Objective: Recent studies show a high prevalence of trauma symptoms among people with serious mental illness who are treated in public-sector mental health systems. Unfortunately, growing evidence suggests that many consumers have had traumatic or harmful experiences while being treated in various psychiatric settings. This study explores consumers' perceptions of such harmful inpatient experiences, events that the authors place under the rubric of "sanctuary harm." Methods: The authors conducted semistructured qualitative interviews with 27 randomly selected mental health consumers to hear their descriptions of adverse events that they experienced while receiving psychiatric care. Our analysis of interview transcriptions focused on understanding consumers' narratives of harmful experiences-events that would not meet DSM-IV criteria for trauma but that nevertheless resulted in significant distress. Results: Eighteen of 27 interviewees described harmful incidents that they had witnessed or experienced directly, many of which evoked strong emotional responses by consumers during their narration. Nearly all incidents described were hospital based and were clustered around two sets of themes. The first set related to the hospital setting, including the fear of physical violence and the arbitrary nature of the rules. The second set related to the narrators' interactions with clinical staff, including depersonalization, lack of fairness, and disrespect. Conclusions: The findings suggest that many mental health consumers have had a lifetime sanctuary experience that they perceived as harmful. They also offered suggestions for how the mental health service delivery system might reduce the potential for sanctuary harm experiences.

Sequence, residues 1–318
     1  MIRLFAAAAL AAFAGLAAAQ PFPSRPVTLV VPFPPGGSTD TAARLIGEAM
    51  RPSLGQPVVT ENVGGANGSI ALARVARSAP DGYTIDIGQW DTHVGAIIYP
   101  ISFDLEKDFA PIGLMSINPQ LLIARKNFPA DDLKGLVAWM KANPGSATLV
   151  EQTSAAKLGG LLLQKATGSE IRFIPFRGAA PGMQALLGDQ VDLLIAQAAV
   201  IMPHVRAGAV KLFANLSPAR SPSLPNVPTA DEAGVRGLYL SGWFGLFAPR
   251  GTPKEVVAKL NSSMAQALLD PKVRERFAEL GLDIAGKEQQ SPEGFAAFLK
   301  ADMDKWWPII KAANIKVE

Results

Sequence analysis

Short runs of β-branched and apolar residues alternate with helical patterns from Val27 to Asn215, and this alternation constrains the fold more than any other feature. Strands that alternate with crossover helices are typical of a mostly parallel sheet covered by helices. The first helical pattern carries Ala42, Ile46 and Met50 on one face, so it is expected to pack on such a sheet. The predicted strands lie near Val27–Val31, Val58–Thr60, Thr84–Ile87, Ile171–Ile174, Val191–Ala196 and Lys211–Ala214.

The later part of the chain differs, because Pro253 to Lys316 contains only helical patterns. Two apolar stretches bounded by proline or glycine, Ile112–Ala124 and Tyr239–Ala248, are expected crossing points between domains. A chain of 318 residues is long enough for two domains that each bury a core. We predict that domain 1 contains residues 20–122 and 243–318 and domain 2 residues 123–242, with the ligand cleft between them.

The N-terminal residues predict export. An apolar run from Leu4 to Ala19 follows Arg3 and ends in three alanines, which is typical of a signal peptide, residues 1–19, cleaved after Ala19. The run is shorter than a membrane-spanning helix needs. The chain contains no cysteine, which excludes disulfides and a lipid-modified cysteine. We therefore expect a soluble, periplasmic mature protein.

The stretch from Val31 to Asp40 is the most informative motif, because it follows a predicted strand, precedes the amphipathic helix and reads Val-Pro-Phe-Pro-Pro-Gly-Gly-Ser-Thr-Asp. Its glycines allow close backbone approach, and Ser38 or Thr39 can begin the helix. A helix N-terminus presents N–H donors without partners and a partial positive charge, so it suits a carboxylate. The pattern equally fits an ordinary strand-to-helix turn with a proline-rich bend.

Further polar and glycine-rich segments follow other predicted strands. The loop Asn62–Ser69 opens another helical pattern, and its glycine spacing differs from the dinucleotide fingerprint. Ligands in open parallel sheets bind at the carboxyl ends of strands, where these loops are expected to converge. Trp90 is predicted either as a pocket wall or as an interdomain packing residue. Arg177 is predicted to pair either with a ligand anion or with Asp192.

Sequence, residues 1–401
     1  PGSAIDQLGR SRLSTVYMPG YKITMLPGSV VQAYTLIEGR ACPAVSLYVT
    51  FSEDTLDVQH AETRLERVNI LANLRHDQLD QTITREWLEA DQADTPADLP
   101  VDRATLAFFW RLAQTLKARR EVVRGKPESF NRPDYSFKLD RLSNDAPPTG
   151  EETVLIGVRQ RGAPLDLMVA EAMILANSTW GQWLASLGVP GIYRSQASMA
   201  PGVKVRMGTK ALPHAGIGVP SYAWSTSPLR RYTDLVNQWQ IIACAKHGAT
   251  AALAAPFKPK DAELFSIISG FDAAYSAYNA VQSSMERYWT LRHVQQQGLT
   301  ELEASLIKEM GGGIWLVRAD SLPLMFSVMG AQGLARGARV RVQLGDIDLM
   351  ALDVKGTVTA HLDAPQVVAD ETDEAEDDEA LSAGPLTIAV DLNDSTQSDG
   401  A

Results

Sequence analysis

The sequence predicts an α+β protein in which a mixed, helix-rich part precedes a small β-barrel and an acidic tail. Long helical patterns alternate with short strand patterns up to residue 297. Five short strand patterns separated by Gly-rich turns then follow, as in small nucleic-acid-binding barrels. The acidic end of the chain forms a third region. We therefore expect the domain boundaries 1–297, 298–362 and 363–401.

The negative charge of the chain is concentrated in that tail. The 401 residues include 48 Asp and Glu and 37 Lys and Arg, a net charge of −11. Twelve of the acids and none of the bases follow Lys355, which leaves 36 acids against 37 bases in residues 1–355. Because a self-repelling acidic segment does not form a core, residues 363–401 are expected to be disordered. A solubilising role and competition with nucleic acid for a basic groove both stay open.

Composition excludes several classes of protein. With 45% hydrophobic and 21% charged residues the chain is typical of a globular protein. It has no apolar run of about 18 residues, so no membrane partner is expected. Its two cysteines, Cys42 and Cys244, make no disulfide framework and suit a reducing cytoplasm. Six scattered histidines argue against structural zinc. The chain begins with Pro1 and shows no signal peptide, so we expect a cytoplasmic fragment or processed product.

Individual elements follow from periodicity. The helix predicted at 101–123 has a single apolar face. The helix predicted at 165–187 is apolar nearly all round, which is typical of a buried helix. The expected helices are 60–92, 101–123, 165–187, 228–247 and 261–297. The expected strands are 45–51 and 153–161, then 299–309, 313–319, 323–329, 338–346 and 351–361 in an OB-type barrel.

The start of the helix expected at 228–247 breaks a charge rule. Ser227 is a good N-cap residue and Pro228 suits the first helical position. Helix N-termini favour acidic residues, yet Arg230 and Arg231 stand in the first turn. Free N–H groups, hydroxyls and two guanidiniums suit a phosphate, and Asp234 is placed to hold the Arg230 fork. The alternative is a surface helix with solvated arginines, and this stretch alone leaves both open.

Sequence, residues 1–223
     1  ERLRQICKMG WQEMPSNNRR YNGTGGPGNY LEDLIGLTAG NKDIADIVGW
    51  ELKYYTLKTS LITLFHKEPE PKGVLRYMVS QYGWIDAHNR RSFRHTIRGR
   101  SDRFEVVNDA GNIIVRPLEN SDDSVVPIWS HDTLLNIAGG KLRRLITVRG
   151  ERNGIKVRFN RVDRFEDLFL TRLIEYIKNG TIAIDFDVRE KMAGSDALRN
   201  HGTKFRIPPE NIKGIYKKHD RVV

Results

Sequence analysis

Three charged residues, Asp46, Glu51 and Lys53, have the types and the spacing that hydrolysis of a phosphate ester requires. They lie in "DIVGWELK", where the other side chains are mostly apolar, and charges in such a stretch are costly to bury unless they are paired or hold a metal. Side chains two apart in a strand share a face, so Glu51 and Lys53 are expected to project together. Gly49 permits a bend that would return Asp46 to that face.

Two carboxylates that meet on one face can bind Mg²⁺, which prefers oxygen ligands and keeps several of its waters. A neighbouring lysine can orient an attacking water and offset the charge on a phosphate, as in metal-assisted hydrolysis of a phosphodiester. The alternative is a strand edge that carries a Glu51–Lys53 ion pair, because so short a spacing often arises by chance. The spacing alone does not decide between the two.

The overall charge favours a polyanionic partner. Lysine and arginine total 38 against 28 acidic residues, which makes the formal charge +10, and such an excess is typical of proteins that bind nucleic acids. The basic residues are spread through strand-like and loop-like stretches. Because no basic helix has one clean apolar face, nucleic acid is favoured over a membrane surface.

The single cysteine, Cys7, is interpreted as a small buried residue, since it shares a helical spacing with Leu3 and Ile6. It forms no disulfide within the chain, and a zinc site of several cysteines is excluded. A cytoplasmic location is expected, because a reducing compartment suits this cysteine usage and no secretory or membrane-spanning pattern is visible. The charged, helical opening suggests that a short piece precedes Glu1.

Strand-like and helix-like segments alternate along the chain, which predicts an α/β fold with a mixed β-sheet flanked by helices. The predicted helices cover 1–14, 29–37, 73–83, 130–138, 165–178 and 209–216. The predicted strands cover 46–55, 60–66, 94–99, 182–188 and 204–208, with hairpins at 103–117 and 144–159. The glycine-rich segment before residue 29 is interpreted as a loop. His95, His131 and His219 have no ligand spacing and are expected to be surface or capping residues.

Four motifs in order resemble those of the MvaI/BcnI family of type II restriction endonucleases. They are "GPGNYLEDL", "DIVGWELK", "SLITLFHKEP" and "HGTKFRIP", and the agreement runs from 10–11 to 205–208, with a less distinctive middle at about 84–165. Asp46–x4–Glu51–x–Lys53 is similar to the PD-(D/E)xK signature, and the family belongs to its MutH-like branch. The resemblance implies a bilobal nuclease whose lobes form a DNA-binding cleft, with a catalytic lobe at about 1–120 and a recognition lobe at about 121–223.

ASJC Scopus subject areas
- Psychiatry and Mental health